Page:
At a ceremony in Los Angeles on Sunday, a representative for Mitsubishi Materials Corporation apologized for using captured American soldiers as slave laborers.
Mitsubishi Materials is the first private corporation to express such remorse, although the Japanese government has made repeated apologies.
The solemn act of contrition comes far too late for most victims. Mitsubishi says it was only able to locate two living survivors. But former prisoner of war James Murphy warmly accepted the apology, which comes just weeks before the August 15th anniversary of Japan's 1945 surrender.
Murphy, a 94-year-old American, was in his early 20s when he became a Japanese prisoner of war during World War II. He said he was "elated" by the apology, which he had waited to hear in the seven decades since he was freed.
Murphy says he survived horrific conditions as a forced laborer for Mitsubishi Materials' predecessor Mitsubishi Mining Co., which supplied materials used to manufacture, among other things, Mitsubishi's feared Zero fighter aircraft used by the Japanese Navy from 1940 to 1945.
Mitsubishi has admitted to holding nearly 900 American prisoners-of-war when allied forces liberated its labor camps in 1945 during the final days of the war.
Twenty-seven Americans died in the camps and others complained of lifelong health problems from grueling conditions, frequent beatings, poor sanitation, and lack of food and medical care.
Mitsubishi Materials lists among its corporate philosophies as being a company "for people, society and the Earth."
"In keeping with the spirit of our company's mission statement, today we apologize remorsefully for the tragic events in our past, and expressed our profound determination to work toward a better future," said Hikaru Kimura, a senior executive officer of Mitsubishi Materials.
Kimura also gave a customary deep bow of remorse to Murphy, who appeared visibly moved.
"I've listened very carefully to Mr. Kimura's statement of apology and found it very, very sincere, humble and revealing, and this happens to be the first time that we've heard those words and they really touch you at the heart," Murphy said.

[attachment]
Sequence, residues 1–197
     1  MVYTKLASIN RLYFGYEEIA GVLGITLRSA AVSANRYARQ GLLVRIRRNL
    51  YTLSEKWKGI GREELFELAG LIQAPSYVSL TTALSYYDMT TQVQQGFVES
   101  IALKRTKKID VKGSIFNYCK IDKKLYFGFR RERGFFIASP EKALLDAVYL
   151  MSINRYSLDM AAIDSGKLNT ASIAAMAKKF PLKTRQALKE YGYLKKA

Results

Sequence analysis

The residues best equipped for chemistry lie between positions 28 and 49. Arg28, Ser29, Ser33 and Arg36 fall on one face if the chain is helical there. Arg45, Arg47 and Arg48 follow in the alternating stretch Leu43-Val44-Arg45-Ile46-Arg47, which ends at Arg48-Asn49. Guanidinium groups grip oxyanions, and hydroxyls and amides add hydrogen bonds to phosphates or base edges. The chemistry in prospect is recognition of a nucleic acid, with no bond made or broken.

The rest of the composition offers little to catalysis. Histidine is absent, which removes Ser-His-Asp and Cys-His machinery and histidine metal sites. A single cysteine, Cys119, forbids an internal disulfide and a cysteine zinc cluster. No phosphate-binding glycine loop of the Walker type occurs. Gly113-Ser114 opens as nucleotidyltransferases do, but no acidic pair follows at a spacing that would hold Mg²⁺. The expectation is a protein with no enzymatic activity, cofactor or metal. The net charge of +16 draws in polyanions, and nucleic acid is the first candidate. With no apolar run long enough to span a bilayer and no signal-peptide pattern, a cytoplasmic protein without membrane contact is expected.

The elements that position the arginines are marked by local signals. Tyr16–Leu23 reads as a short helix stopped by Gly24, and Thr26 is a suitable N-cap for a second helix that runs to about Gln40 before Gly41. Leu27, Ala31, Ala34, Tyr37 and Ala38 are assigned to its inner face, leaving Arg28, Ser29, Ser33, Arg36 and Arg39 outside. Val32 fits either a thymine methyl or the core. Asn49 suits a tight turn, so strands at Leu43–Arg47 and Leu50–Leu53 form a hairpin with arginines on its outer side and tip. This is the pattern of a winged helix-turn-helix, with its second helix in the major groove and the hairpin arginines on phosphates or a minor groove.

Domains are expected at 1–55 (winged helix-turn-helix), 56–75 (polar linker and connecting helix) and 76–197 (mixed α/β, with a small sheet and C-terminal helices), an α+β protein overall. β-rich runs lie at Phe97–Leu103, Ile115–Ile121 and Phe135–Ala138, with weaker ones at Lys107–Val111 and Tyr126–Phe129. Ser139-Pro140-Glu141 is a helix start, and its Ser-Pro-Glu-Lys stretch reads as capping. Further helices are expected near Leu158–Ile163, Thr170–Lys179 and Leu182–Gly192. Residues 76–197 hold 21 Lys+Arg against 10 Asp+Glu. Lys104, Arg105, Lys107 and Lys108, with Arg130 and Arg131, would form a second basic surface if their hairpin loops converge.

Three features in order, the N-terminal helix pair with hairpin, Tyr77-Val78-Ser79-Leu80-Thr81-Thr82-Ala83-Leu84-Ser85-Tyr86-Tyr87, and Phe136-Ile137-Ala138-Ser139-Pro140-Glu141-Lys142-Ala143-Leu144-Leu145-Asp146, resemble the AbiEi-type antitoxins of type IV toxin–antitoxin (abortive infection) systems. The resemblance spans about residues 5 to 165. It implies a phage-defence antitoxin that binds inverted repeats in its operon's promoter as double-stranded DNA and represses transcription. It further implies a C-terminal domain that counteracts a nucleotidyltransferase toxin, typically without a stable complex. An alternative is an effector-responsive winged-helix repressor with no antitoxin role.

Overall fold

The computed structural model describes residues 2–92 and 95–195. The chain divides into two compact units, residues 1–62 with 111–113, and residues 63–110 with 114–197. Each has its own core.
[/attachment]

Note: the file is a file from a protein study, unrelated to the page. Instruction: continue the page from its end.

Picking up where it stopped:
12,000 Americans kept in forced labor
The high-profile and long-awaited apology happened during a news conference at the Simon Wiesenthal Center Museum of Tolerance in Los Angeles.
Public relations director Avra Shaprio told CNN the Wiesenthal Center's associate dean, Rabbi Abraham Cooper, is planning a late-July visit to the sites of former Japanese mines. He claimed a wartime labor shortage prompted the Japanese government and private companies to put 12,000 Americans into forced labor, of whom more than 1,100 died.
The American POWs worked alongside British, Chinese, Korean and Filipino prisoners.
Mitsubishi has not offered financial compensation for forced laborers, but the company has faced lawsuits in South Korea and China.
The 1951 Treaty of San Francisco, the peace treaty that officially ended World War II, did not allow American POWs to file lawsuits seeking compensation.
"Here we are in the 21st century. It's time for Japan to help its victims turn the page on the past. And in order to do that, Japan must squarely face its history," said Jeff Kingston, Director of Asian Studies at Japan's Temple University and author of Nationalism in Asia Since 1945.
Kingston called the experience of POWs in Japan "a horrific nightmare" and said Mitsubishi's apology should have happened "decades ago."
"This is an issue that hasn't gone away for Japan," he added.
Japan expands military reach
Mitsubishi's move comes as the Japanese government attempts to move past the nation's war crimes and expand the role of its military for the first time since the war.
Last week, Prime Minister Shinzo Abe pushed a controversial security bill through Japan's lower house of Parliament, which gives the army and navy limited powers to fight abroad under certain conditions. The bill now moves to the upper house, where it is also expected to pass.
Thousands of protestors stood outside the parliament building in Tokyo to protest the legislation, deemed a "war bill" by critics fearful of a return to the days of Imperial Japanese aggression.
Abe's approval rating has plunged below 40%, the lowest since he was elected in 2012.